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Optimal regulatory design in banking in transition economies

(2006)
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(UGent)
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Abstract
The chapters in this dissertation are all related to the optimal regulatory design of banks in transition economies. The contributions in this dissertation are mainly empirical, but also contain some significant theoretical insights. The countries under investigation are Russia (Part I) and Central and Eastern Europe (Part II). In a first chapter we empirically evaluate the current financial supervisory authority arrangement within the central bank, investigating whether the Central Bank of Russia (CBR) uses its supervisory information to complement monetary policy. In a second chapter, we empirically study the bank licensing policy of the CBR. We focus on the conflict between two central bank objectives - individual bank stability and systemic stability - and the regulatory forbearance that follows from it. A third chapter assesses how the interplay between a system of repressive reserve requirements and capital requirements can impact bank risk behavior in Russia. A fourth and fifth chapter shift attention away from Russia and prudential regulation towards the economies of Central and Eastern Europe and bank market structure. In chapter four, we investigate the determinants of bank interest margins in Central and Eastern Europe. We assess to what extent the relatively high bank margins in Central and Eastern Europe can be attributed to low efficiency and noncompetitive market conditions, or to regulatory reforms. We systematically compare Central and Eastern European banks with Western European banks. In chapter five, we study the effect of different bank entry modes on the interest rate for loans.

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MLA
Claeys, Sophie. Optimal Regulatory Design in Banking in Transition Economies. Ghent University. Faculty of Economics and Business Administration, 2006.
APA
Claeys, S. (2006). Optimal regulatory design in banking in transition economies. Ghent University. Faculty of Economics and Business Administration, Ghent, Belgium.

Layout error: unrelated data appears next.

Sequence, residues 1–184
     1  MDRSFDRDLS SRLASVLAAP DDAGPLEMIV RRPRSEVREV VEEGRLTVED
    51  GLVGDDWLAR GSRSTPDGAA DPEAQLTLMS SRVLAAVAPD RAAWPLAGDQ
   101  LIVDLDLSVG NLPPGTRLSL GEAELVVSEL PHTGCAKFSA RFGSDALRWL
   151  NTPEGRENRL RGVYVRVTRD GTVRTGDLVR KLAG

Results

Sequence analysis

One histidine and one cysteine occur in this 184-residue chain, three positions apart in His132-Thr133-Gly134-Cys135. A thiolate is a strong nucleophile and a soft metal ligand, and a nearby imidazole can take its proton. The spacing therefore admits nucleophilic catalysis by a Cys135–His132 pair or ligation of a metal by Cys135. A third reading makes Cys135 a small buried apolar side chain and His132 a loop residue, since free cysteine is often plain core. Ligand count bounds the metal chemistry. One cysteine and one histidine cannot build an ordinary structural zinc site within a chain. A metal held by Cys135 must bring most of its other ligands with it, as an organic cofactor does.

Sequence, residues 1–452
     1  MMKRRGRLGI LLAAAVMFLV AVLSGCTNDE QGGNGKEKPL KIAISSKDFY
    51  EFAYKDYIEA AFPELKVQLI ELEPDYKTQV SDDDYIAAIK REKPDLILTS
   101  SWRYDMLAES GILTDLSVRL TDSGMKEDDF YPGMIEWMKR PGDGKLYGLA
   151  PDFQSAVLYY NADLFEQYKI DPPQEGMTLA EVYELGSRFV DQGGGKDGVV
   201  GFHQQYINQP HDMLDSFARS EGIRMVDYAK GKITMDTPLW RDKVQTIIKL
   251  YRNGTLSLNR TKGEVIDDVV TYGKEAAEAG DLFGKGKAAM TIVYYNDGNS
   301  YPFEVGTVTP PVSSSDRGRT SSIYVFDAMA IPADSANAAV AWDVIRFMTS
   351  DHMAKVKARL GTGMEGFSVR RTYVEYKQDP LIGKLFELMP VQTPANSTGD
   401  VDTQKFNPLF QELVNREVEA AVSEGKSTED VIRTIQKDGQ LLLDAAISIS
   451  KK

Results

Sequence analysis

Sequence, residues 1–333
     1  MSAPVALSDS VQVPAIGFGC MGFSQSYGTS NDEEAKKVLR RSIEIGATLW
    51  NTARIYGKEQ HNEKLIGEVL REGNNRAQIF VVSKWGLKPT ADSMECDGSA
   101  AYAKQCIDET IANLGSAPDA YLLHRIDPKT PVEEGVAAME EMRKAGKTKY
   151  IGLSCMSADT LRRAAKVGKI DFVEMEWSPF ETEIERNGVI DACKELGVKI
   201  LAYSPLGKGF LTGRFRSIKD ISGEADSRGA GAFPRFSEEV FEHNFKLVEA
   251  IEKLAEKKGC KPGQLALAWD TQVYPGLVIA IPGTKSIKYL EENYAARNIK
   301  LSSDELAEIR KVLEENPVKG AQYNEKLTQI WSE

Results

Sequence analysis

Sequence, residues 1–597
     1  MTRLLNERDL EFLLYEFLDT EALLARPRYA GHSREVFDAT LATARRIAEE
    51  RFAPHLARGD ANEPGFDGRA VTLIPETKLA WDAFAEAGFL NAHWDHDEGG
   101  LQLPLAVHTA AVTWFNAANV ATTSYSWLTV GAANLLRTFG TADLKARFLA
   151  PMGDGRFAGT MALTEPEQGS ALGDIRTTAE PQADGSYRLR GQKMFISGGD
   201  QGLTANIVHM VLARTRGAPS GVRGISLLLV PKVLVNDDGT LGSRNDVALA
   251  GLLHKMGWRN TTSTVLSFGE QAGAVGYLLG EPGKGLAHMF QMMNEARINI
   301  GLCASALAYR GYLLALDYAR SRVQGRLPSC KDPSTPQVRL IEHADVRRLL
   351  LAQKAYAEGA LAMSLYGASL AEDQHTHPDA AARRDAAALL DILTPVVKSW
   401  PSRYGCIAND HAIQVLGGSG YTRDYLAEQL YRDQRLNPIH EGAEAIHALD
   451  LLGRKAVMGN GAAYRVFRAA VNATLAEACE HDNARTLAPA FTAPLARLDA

Chicago author-date
Claeys, Sophie. 2006. “Optimal Regulatory Design in Banking in Transition Economies.” Ghent, Belgium: Ghent University. Faculty of Economics and Business Administration.
Chicago author-date (all authors)
Claeys, Sophie. 2006. “Optimal Regulatory Design in Banking in Transition Economies.” Ghent, Belgium: Ghent University. Faculty of Economics and Business Administration.
Vancouver
1.
Claeys S. Optimal regulatory design in banking in transition economies. [Ghent, Belgium]: Ghent University. Faculty of Economics and Business Administration; 2006.
IEEE
[1]
S. Claeys, “Optimal regulatory design in banking in transition economies,” Ghent University. Faculty of Economics and Business Administration, Ghent, Belgium, 2006.
@phdthesis{470381,
  abstract     = {{The chapters in this dissertation are all related to the optimal regulatory design of banks in transition economies. The contributions in this dissertation are mainly empirical, but also contain some significant theoretical insights. The countries under investigation are Russia (Part I) and Central and Eastern Europe (Part II). In a first chapter we empirically evaluate the current financial supervisory authority arrangement within the central bank, investigating whether the Central Bank of Russia (CBR) uses its supervisory information to complement monetary policy. In a second chapter, we empirically study the bank licensing policy of the CBR. We focus on the conflict between two central bank objectives - individual bank stability and systemic stability - and the regulatory forbearance that follows from it. A third chapter assesses how the interplay between a system of repressive reserve requirements and capital requirements can impact bank risk behavior in Russia. A fourth and fifth chapter shift attention away from Russia and prudential regulation towards the economies of Central and Eastern Europe and bank market structure. In chapter four, we investigate the determinants of bank interest margins in Central and Eastern Europe. We assess to what extent the relatively high bank margins in Central and Eastern Europe can be attributed to low efficiency and noncompetitive market conditions, or to regulatory reforms. We systematically compare Central and Eastern European banks with Western European banks. In chapter five, we study the effect of different bank entry modes on the interest rate for loans.}},
  author       = {{Claeys, Sophie}},
  language     = {{und}},
  pages        = {{XVIII, 167}},
  publisher    = {{Ghent University. Faculty of Economics and Business Administration}},
  school       = {{Ghent University}},
  title        = {{Optimal regulatory design in banking in transition economies}},
  url          = {{http://lib.ugent.be/fulltxt/RUG01/000/972/939/RUG01-000972939_2010_0001_AC.pdf}},
  year         = {{2006}},
}